Today: Make the nature of your conflict known – I Ching

Make the nature of your conflict known.  From there, a truly righteous cause will gain the support of willing contributors.  See yesterday’s reading.

Read the text from Richard Wilhelm's translation of the I Ching

CONFLICT DEVELOPS when one feels himself to be in the right and runs into opposition. If one is not convinced of being in the right, opposition leads to craftiness or high-handed encroachment but not to open conflict.
If a man is entangled in a conflict, his only salvation lies in being so clear- headed and inwardly strong that he is always ready to come to terms by meeting the opponent halfway. To carry on the conflict to the bitter end has evil effects even when one is the right, because the enmity is then perpetuated. It is important to see the great man, that is, an impartial man whose authority is great enough to terminate the conflict amicably or assure a just decision. In times of strife, crossing the great water is to be avoided, that is, dangerous enterprises are not to be begun, because in order to be successful they require concerted unity of focus. Conflict within weakens the power to conquer danger without.
This refers to an arbiter in a conflict who is powerful and just, and strong enough to lend weight to the right side. A dispute can be turned over to him with confidence. If one is in the right, one attains great good fortune.
AN ARMY is a mass that needs organization in order to become a fighting force.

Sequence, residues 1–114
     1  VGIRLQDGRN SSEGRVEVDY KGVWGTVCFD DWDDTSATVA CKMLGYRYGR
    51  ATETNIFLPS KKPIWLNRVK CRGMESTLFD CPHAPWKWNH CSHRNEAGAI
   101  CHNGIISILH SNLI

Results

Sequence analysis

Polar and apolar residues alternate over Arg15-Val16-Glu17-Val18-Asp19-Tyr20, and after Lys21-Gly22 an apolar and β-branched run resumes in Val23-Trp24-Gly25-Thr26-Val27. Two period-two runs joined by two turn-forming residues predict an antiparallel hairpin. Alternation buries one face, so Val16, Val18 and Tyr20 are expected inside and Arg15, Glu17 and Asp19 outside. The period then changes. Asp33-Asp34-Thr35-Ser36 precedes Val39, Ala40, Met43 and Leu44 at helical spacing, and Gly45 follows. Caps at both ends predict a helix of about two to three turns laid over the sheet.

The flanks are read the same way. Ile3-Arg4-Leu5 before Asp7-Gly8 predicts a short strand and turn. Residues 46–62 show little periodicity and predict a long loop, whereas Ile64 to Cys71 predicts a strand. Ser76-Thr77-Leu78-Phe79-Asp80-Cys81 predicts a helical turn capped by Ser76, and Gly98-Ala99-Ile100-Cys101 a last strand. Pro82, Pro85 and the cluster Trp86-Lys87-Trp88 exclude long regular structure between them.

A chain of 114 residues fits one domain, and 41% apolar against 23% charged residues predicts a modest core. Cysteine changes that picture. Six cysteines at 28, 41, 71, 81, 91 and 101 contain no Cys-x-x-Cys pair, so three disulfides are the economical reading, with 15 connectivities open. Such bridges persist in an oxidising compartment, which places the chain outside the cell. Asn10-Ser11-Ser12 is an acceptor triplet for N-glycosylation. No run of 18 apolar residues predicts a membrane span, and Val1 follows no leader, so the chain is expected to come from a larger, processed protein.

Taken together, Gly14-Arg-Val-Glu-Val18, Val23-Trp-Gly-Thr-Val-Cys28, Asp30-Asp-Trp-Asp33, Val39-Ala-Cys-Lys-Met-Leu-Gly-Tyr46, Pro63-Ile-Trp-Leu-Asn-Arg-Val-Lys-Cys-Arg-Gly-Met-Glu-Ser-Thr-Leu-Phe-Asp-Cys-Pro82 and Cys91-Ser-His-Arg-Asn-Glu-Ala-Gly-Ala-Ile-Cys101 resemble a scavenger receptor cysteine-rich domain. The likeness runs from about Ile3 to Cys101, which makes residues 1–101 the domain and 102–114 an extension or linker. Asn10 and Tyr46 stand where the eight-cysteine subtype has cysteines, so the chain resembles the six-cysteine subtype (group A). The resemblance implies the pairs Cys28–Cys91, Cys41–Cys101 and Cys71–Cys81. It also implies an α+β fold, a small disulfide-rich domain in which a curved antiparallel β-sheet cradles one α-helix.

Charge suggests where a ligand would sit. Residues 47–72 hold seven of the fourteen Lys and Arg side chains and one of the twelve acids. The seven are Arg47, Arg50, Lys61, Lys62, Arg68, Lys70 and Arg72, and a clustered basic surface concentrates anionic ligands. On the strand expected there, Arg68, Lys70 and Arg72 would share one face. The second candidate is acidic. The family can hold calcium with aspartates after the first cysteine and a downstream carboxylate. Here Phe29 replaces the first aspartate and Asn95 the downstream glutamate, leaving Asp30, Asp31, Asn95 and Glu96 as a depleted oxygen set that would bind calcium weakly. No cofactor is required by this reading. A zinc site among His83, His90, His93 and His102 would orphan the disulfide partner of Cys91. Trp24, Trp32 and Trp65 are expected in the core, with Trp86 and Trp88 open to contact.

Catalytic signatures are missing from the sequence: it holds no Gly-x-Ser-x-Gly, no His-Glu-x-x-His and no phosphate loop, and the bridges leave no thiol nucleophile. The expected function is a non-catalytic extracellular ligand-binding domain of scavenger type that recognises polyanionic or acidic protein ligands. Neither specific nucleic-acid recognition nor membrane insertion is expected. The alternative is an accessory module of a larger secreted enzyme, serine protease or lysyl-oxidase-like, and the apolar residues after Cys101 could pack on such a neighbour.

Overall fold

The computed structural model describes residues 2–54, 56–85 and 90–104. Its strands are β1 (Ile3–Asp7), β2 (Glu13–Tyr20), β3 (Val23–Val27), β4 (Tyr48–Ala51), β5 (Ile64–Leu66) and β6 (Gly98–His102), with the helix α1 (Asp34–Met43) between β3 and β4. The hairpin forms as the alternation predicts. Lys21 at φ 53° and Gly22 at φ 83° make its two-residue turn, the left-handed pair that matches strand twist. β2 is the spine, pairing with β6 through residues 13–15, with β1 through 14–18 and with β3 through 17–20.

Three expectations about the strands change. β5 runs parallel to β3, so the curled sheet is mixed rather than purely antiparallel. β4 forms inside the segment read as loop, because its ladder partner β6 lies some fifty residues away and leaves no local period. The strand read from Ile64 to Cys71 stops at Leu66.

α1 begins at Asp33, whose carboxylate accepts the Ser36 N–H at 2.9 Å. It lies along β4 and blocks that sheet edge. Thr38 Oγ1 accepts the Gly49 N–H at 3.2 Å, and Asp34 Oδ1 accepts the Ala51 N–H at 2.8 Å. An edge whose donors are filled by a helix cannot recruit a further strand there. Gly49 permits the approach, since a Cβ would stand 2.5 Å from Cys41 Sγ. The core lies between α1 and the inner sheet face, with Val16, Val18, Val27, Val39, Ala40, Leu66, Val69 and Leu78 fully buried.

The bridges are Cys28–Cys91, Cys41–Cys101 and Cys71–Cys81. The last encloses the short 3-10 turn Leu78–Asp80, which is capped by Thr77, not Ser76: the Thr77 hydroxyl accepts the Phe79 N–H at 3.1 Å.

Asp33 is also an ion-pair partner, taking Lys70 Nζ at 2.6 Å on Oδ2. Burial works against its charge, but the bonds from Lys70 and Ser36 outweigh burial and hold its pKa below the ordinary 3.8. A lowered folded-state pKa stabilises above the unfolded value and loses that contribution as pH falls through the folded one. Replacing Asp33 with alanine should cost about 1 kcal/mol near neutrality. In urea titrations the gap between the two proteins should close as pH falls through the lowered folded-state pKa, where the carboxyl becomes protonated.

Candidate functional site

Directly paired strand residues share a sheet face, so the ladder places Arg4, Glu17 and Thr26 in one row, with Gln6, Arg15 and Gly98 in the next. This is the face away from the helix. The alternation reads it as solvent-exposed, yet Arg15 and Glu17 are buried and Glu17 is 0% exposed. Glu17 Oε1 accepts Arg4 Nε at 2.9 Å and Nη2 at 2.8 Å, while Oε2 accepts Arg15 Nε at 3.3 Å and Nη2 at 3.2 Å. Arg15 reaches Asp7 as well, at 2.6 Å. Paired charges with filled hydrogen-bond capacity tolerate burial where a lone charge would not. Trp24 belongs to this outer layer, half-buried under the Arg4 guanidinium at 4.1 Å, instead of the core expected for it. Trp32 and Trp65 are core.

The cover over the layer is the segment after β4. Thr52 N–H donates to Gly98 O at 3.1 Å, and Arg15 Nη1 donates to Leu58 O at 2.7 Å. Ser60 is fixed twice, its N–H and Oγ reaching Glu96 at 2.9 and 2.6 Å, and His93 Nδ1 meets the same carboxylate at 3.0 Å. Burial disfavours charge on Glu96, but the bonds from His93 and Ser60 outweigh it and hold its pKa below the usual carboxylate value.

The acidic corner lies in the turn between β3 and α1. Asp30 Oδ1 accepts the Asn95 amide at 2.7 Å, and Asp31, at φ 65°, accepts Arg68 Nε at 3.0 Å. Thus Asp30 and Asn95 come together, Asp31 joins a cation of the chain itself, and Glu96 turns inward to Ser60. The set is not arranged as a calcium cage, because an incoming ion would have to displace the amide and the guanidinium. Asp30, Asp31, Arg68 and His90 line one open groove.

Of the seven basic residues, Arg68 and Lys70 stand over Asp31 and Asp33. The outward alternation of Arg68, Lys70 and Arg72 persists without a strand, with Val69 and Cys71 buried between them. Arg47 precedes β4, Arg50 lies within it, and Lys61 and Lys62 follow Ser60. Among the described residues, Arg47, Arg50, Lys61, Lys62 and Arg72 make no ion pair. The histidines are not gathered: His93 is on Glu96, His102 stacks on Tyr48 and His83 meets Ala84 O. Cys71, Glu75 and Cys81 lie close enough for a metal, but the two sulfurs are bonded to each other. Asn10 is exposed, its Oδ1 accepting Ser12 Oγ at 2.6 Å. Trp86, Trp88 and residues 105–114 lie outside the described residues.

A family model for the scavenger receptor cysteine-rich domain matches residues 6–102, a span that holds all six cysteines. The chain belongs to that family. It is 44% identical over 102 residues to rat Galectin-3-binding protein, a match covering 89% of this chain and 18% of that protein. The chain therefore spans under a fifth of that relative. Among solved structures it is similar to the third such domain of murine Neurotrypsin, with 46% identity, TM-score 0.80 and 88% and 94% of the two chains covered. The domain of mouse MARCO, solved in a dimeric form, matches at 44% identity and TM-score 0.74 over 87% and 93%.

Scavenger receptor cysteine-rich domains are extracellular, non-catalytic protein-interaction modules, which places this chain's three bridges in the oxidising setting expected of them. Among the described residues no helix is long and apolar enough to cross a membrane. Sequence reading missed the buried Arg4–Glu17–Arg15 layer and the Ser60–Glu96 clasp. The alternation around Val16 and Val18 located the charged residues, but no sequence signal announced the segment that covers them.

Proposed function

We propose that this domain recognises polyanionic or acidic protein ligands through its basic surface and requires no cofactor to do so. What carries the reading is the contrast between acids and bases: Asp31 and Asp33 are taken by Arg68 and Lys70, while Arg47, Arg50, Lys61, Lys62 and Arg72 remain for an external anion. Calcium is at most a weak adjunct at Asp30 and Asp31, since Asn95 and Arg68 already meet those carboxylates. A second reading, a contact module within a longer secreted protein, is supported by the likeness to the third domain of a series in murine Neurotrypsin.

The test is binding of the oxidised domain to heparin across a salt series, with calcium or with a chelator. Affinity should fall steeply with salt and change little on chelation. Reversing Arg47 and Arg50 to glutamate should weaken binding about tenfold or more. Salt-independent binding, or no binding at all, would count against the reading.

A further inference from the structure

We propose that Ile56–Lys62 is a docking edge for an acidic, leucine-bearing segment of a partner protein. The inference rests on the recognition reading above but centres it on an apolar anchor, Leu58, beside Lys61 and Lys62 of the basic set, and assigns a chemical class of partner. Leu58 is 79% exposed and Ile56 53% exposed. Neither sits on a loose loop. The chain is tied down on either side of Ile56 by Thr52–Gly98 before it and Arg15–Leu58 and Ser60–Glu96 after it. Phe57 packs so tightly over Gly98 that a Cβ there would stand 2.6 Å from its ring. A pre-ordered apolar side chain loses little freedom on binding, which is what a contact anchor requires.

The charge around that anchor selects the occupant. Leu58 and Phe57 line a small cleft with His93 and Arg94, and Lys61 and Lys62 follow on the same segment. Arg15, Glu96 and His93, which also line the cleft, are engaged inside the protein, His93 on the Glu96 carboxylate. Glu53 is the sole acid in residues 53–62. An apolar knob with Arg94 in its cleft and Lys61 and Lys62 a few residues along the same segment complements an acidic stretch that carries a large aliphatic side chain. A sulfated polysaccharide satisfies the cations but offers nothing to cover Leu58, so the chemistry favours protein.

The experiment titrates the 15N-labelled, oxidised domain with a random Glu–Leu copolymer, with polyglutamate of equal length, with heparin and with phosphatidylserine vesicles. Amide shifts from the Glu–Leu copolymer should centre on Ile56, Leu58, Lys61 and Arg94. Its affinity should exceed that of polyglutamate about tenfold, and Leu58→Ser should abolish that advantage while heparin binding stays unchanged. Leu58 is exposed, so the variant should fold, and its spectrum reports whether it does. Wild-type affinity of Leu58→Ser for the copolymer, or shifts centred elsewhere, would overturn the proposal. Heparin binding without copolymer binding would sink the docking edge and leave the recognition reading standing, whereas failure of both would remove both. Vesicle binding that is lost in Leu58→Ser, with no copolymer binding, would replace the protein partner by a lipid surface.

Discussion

Without strict discipline nothing can be accomplished, but this discipline must not be achieved by force. It requires a strong man who captures the hearts of the people and awakens their enthusiasm. In order that he may develop his abilities he needs the complete confidence of his ruler, who must entrust him with full responsibility as long as the war lasts. But war is always a dangerous thing and brings with it destruction and devastation. Therefore it should not be resorted to rashly but, like a poisonous drug, should be used as a last recourse.
The justifying cause of a war, and clear and intelligible war aims, ought to be explained to the people by an experienced leader. Unless there is a quite definite war aim to which the people can consciously pledge themselves, the unity and strength of conviction that lead to victory will not be forthcoming. But the leader must also look to it that the passion of war and the delirium of victory do not give rise to unjust acts that will not meet with general approval. If justice and perseverance are the basis of action, all goes well.

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